My time afield is about more than just deer and deer hunting. It’s about spending quality time outside with my family, knowing where my food comes from, and intentionally taking time to be away from the rest of our busy lives.
The deer are just a part of it, but these experiences wouldn’t happen without them.
Fortunately, Hunters in North America Have Done This Before
One of my biggest fears is the permanent loss of wild deer herds and, therefore, my inability to share my family’s traditions with another generation of whitetail hunters. So it’s worth it to me to make broad, individual sacrifices today to ensure the preservation of this resource for the future.
In the words of the famed conservationist and forester Gifford Pinchot, it is our responsibility to practice “foresighted utilization, preservation, and renewal of forests, waters, lands, and minerals for the greatest good of the greatest number for the longest time.” That is what we as hunters must do with regard to elk, moose, caribou, whitetails, and mule deer.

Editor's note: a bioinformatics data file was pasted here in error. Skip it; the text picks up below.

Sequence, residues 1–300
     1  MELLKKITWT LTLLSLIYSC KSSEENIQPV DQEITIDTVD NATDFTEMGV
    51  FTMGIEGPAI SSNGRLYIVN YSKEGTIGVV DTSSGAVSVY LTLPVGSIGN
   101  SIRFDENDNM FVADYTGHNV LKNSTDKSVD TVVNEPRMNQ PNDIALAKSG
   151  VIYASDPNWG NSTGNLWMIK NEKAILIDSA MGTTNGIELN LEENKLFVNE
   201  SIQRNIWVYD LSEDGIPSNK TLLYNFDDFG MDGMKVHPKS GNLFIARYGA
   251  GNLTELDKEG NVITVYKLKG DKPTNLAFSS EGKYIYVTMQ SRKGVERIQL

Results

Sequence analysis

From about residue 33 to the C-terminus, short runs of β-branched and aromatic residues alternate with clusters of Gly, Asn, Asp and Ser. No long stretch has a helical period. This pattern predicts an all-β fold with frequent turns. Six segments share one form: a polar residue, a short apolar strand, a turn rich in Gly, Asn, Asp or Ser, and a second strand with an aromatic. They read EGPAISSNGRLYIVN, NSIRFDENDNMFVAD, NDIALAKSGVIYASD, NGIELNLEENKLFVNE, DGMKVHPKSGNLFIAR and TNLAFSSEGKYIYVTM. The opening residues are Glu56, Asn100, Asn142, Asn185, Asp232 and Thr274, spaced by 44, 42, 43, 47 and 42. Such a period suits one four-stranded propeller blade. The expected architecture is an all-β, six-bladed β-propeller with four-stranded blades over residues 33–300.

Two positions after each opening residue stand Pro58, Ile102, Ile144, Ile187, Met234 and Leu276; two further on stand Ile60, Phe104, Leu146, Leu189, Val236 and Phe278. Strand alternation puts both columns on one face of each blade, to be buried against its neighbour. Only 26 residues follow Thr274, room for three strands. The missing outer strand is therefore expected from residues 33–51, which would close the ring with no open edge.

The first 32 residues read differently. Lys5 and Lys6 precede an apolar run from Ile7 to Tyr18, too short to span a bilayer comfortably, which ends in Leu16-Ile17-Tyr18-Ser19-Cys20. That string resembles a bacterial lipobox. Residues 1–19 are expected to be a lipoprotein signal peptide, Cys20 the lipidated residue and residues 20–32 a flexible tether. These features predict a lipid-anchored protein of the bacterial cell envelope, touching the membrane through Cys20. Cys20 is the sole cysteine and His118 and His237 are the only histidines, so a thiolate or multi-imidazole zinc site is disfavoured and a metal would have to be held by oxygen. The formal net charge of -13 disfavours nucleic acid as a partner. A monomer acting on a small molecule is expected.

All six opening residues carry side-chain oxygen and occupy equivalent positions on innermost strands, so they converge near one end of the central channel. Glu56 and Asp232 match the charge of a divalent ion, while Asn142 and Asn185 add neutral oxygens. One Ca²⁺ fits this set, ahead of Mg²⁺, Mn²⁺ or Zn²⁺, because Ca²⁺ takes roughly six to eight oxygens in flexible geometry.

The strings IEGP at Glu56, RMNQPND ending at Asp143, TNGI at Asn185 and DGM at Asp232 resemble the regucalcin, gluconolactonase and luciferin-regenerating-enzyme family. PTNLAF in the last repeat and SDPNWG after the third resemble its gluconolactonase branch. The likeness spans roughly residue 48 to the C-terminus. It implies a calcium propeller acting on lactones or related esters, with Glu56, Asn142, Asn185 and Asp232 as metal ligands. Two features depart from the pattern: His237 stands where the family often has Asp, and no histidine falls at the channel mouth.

Of course, this is not a new concept, especially in the field of wildlife conservation. This sentiment dates back many years before the famed North American conservationists of Theodore Roosevelt’s tenure. The story of hunters acting as conservationists in North America is long and detailed, and it must inspire our future actions.
Since the late 19th century, we as hunters have stepped up to change our policies and practices for the betterment of the wildlife resources that we so enjoy. Examples of sportsmen and women willing to do this work are abundant among TRCP’s partners: If waterfowlers had not banded together to form Ducks Unlimited during the dust bowl, we likely would not have been able to have duck seasons today. The same could be said of the National Wild Turkey Federation’s efforts to reintroduce and propagate a game bird that was once extirpated from much of the Eastern United States. The Rocky Mountain Elk Foundation did the same for elk.